Michael Phelps 19, Brazil football 0.
In appropriate the comparison may be, inaccurate it is not. As often happens during the Olympics, agony and ecstasy are minutes from each other. Since Phelps’ adding another gold to his overflowing jewellery box happened at 8:26 am India time on Monday and the Brazil men’s team lead by Neymar was held 0-0 by Iraq six minutes later, this proved too tempting to resist.
At a stadium named after Garrincha, that man who dribbled for fun and helped Brazil win two World Cup titles, Neymar and mates came unstuck again. What is more striking is the fact that in nearly 200 minutes of football, the hosts haven’t scored. After South Africa, it was Iraq’s turn to steal a point from a team whose desperation to break the Olympics jinx of never winning gold in football is perhaps preventing it from playing to potential.
After making goalkeeper Itumeleng Khune an even bigger hero than he is in South Africa, Brazil gave Iraq shot-stopper Mohammed Hameed his 90 minutes of fame. The 23-year-old goalie made 12 saves.
“Brazil 0 Iraq 0. Neymar and Co 2 games, no wins, no goals, no credibility, no hope of gold,” tweeted journalist Keir Radnedge from Brasilia. In another tweet, he said: “Generous applause for Iraq in Brasilia.” Brazilians do that when their team underperforms. A crowd of over 58,000 did at half-time at Belo Horizonte’s Estadio Mineirao when Germany were leading 5-0 in a World Cup semi-final Brazil want to forget.
Brazil must win their last group match against Denmark, who beat South Africa 1-0 earlier on Monday and have four points on Thursday. Iraq and Brazil have two points from two games. Should Iraq beat South Africa and get a favourable result from the Brazil-Denmark game, they could even qualify for the quarter-finals. What a story that would be!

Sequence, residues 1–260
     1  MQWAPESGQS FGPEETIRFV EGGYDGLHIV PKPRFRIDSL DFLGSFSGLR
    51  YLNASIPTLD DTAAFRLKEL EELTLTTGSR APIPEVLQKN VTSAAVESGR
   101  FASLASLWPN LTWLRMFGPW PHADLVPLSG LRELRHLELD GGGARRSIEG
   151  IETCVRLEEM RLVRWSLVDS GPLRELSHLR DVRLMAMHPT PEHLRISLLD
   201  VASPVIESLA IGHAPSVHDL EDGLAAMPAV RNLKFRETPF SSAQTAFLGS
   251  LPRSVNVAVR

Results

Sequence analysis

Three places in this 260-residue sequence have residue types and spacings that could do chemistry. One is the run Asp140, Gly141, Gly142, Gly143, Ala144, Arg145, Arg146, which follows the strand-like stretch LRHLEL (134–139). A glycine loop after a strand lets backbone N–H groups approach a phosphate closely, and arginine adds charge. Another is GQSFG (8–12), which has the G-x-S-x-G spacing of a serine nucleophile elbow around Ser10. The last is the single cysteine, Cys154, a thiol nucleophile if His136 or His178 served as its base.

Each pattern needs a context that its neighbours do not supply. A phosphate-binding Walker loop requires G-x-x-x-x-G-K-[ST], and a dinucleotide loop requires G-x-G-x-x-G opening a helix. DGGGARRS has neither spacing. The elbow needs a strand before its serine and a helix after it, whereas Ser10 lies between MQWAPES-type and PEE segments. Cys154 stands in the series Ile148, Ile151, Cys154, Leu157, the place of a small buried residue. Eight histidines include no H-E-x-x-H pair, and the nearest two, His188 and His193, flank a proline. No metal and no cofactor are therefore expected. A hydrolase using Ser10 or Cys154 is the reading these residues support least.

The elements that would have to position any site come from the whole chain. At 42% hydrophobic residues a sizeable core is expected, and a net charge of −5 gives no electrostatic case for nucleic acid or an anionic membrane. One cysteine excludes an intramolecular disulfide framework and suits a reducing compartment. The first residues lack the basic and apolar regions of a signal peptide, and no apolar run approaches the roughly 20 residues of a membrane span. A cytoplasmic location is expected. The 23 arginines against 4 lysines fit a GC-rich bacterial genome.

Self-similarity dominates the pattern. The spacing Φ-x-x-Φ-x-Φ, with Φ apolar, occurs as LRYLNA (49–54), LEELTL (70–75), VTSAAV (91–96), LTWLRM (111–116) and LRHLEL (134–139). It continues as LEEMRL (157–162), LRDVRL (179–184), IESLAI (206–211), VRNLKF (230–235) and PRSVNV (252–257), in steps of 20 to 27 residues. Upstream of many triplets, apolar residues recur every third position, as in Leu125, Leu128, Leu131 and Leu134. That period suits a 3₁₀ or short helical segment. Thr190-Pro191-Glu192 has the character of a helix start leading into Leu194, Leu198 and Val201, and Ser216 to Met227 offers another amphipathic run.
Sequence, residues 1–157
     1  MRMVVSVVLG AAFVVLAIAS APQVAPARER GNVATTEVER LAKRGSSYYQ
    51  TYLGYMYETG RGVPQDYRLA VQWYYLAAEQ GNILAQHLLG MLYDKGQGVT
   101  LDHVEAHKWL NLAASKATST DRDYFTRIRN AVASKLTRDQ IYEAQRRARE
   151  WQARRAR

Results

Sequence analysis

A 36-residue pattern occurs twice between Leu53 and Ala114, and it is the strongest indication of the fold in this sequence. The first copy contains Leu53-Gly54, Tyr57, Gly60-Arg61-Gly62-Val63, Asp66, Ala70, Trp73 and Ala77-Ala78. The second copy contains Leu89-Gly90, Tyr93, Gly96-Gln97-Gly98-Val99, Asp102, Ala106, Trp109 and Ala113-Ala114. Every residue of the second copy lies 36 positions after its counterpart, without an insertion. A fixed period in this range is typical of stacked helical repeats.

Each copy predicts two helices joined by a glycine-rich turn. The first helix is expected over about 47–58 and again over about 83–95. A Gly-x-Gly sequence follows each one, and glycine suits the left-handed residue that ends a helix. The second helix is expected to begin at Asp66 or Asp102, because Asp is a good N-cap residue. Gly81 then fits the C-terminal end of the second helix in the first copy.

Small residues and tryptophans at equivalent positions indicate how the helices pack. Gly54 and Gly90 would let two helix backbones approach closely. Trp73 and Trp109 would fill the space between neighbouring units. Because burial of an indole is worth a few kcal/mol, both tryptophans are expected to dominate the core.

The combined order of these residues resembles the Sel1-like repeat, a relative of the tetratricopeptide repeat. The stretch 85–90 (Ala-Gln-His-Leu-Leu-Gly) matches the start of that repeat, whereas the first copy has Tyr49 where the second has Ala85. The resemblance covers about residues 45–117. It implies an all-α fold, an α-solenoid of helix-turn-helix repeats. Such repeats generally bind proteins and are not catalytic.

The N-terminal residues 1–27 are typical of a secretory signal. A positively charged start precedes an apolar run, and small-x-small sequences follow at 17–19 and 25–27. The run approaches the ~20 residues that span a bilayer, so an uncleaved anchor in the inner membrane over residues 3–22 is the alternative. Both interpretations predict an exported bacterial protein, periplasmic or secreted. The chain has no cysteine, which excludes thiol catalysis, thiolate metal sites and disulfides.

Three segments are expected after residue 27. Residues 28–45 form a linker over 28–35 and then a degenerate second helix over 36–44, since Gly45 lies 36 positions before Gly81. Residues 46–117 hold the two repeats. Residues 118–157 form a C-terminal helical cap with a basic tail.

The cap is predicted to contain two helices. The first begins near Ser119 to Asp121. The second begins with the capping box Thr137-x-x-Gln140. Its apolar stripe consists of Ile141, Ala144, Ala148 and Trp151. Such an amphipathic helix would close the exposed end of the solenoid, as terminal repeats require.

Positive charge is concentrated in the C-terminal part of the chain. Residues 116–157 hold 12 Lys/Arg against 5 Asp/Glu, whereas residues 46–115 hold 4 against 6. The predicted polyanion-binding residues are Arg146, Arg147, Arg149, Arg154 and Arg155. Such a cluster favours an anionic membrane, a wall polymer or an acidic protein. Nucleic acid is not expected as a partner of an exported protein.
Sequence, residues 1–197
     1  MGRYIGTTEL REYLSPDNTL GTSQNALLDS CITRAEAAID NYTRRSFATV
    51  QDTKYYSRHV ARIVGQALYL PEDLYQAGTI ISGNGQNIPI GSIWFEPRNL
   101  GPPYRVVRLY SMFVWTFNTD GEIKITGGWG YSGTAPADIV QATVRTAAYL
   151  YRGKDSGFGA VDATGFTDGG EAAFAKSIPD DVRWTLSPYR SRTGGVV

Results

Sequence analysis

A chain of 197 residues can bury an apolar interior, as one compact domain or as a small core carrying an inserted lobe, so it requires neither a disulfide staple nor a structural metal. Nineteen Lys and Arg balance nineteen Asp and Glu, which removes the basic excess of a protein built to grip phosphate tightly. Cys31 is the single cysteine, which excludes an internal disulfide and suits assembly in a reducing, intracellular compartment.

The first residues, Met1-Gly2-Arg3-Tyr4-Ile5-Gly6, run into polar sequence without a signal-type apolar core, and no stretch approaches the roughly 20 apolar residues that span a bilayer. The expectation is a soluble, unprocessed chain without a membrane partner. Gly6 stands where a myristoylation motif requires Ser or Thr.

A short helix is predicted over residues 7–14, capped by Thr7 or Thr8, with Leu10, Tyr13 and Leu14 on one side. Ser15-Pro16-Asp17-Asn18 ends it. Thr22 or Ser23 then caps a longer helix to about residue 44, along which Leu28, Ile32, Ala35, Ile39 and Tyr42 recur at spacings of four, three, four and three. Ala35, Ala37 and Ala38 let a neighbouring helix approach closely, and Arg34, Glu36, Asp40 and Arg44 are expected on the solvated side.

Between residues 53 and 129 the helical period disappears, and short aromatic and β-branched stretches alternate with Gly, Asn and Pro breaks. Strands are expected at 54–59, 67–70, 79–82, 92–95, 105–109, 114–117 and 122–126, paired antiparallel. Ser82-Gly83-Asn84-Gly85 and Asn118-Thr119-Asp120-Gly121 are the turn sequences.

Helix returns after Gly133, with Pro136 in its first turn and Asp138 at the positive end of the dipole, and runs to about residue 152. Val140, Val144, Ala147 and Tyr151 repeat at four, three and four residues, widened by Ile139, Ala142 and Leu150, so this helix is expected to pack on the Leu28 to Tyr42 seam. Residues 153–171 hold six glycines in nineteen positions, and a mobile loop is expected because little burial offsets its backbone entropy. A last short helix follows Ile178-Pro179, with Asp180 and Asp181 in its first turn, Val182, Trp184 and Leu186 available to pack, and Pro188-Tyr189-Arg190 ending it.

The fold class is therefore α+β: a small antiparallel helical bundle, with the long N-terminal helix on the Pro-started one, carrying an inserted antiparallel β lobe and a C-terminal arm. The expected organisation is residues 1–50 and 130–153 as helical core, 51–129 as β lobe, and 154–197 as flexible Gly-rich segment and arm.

Now, it wouldn’t be a stretch to think that the Brazil women’s team has a better chance of breaking the Olympics gold hoodoo than the men. The crowd in Rio at Brazil games has already started chanting Marta Vieira da Silva, or simply Marta, is better than Neymar. Man smart, woman smarter?
“We know Neymar is our best player right now and he is fantastic, we support him and he supports us but we’ll leave the comparison to the fans,” is how Marta, often called ‘Pele in skirts’ has reacted.
Brazil beat China 3-0 in their women’s competition opener and Sweden 5-1 with Marta scoring twice. Already in the quarter-finals, Brazil play South Africa on Wednesday (6:30am IST) in their last group game.
This is Marta’s fourth Olympics and she has silver medals from Athens and Beijing; in London, Brazil lost in the quarter-finals.
Marta is 30 but time seems to have dimmed none of her pace, power, skill and technique to set up and score goals. She’s scored 100 of them in 101 internationals. With 15 goals, Marta is also the highest scorer in the history of the women’s World Cup having played three editions of the competition; her best being a runners-up medal, the Golden Ball and Golden Boot awards in 2007. She’s won the Fifa Women’s Player of the Year five consecutive times and that’s a peak football’s other famous ‘M’, one with a bleached blonde hair-do now, is yet to scale.
As a child, she played with the boys and was quoted by The Guardian as having said: “I was never the last to be picked when teams were selected.”
Striker Sofia Jakobssen, who played in the 1-5 rout on Saturday, has been quoted by The Guardian as saying this of Marta: “With her technique and speed, she could do anything she wanted on the field. I still think she’s the best player in the world. I wanted to be like her but of course I didn’t have all the same attributes. It’s like a men’s player wanting to be like Messi – you can’t copy someone like that.”
In a country with little support for women’s football, Marta is now as inspiration for girls and boys to take up the sport. She would be that and more should Brazil go all the way to the Maracana, a football cathedral where she was the first woman player to have her feet imprinted in cement, on August 19 and win gold. Now, that too would be some story.